Estrada faces renewed pressure to step down

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The Independent Online

Opposition politicians brought impeachment charges against Joseph Estrada, President of the Philippines, yesterday as more than 10,000 people demanded his resignation on the streets of Manila.

Opposition politicians brought impeachment charges against Joseph Estrada, President of the Philippines, yesterday as more than 10,000 people demanded his resignation on the streets of Manila.

Confetti and yellow ribbons were thrown from the windows of the Stock Exchange. Forty-two members of the Philippines Congress, including six from Mr Estrada's own coalition, filed a 12-page motion for impeachment on charges of accepting bribes, committing perjury, violating the presidential oath of office, nepotism and abuse of the constitution.

"It's going to be a tough fight," said Roilo Golez, a congressman who recently defected from Mr Estrada's party. "But this is an irreversible tide."

Mr Estrada's predecessor as president, Fidel Ramos, joined the growing number of distinguished Filipinos who havepublicly called for his resignation. These include another former president, Cory Aquino, Manila's Cardinal Jaime Sin, and the Vice-President, Gloria Macapagal Arroyo.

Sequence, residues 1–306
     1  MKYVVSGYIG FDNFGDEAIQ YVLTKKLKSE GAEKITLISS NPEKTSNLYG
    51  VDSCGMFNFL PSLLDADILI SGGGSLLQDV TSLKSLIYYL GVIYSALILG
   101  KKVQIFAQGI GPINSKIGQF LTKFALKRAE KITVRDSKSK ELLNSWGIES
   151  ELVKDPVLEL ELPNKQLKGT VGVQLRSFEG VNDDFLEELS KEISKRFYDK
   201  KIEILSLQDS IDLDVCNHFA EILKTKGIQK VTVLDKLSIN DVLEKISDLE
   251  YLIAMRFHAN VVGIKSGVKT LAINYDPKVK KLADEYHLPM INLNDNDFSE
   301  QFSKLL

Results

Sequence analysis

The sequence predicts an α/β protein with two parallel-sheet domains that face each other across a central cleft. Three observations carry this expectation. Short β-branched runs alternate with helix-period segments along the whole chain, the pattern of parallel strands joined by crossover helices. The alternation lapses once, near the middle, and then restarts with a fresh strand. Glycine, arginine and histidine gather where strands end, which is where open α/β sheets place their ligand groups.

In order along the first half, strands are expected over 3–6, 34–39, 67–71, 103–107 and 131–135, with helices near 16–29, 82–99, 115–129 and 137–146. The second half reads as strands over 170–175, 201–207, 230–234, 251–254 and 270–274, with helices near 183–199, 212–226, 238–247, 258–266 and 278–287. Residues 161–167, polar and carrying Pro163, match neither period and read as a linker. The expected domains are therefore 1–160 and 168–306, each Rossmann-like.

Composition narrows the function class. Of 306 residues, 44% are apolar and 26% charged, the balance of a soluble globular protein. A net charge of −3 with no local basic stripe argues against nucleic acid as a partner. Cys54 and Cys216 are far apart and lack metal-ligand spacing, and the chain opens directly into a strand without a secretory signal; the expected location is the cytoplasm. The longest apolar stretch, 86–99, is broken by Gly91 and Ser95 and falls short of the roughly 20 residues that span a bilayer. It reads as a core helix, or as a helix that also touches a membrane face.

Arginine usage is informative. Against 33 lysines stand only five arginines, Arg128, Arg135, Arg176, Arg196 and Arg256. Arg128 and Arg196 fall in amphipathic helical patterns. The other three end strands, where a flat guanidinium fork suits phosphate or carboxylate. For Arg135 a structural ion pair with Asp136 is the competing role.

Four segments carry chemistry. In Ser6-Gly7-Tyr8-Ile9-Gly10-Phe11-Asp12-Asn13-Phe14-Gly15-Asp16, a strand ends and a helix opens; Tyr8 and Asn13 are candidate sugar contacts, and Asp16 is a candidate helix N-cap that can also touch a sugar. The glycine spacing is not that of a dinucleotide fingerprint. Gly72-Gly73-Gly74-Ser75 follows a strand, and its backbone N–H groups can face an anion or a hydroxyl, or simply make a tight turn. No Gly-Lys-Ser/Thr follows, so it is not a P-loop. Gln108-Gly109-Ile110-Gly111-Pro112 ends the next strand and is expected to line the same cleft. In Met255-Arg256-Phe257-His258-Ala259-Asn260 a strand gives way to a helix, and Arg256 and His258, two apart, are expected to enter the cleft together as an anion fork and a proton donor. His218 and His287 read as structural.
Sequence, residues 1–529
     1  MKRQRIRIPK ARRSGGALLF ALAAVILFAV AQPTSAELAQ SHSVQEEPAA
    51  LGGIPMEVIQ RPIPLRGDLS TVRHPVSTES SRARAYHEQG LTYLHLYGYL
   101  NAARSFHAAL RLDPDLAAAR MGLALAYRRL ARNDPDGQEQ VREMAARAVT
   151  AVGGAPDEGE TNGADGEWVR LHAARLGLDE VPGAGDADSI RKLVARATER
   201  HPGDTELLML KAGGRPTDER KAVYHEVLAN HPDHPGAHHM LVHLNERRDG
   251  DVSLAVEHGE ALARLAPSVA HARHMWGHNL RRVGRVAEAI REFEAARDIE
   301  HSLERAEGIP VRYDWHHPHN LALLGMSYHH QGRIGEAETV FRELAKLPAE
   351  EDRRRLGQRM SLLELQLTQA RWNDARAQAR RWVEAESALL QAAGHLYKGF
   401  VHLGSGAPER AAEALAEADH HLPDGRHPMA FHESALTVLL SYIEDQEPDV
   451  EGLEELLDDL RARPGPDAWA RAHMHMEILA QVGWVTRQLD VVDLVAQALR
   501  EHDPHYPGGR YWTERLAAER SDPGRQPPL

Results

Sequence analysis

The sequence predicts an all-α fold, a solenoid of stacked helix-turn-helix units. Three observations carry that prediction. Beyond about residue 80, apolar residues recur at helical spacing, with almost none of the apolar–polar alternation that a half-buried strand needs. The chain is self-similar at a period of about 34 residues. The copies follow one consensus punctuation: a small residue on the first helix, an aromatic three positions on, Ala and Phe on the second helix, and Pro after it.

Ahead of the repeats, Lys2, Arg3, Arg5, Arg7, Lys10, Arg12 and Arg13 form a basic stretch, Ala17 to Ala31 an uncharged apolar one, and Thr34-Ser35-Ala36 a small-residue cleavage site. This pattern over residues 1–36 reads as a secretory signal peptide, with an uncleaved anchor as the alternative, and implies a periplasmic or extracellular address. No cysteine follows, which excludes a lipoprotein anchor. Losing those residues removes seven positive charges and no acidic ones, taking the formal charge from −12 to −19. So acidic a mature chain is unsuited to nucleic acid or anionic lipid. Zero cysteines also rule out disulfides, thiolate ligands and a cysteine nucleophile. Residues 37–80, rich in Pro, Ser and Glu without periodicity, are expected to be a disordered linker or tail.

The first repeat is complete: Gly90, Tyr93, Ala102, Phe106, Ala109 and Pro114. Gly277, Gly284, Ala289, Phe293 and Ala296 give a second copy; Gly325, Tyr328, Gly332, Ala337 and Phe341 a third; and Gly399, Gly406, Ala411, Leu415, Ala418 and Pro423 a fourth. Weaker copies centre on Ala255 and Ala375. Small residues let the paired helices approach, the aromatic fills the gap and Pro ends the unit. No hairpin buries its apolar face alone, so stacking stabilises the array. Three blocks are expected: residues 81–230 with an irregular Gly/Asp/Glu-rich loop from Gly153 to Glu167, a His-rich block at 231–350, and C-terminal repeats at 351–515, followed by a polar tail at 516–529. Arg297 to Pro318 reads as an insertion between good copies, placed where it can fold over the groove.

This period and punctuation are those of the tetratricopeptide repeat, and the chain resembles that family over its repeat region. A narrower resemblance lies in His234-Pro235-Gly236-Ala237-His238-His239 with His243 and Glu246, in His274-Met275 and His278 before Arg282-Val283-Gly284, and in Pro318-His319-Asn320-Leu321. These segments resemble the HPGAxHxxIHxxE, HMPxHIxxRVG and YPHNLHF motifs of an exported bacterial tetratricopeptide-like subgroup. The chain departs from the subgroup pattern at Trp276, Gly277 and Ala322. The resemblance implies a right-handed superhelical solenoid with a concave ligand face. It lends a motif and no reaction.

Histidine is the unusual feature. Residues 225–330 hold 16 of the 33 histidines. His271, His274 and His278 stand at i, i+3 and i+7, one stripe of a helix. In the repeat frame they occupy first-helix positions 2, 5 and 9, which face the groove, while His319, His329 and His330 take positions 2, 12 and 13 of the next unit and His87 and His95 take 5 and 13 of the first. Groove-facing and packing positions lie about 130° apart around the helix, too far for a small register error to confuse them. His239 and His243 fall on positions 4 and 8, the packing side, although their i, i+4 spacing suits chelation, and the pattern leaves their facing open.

Mr Estrada has denounced as "baseless" the allegations against him, which include the charge that he received 414m pesos (£8.7m) in bribes from illegal gambling syndicates, and scooped off 130m pesos from a fund intended to help Filipino tobacco farmers.

"Others are saying I should step down as President," he told a crowd in a Manila slum. "I would never do that because I have a sworn duty to the masses. These people have lost their minds.

"The opposition is sowing disorder and the most affected are the poor. They are mistaken, because the more your president is being beaten, the more he fights back, especially if he is protecting the poor and the downtrodden."

Removing the President would require one-third of congressmen and two-thirds of the Senate to support the impeachment motion, but Mr Estrada's government holds a majority in both houses.

"It is us who have the numbers," congressman Danilo Suarez of the ruling coalition said. "When voting time comes, the impeachment case will not fly."

But the presence on the streets of large numbers of demonstrators is an important omen in a country where Cori Aquino's "People Power" movement of 1986 brought down the former dictator, Ferdinand Marcos.

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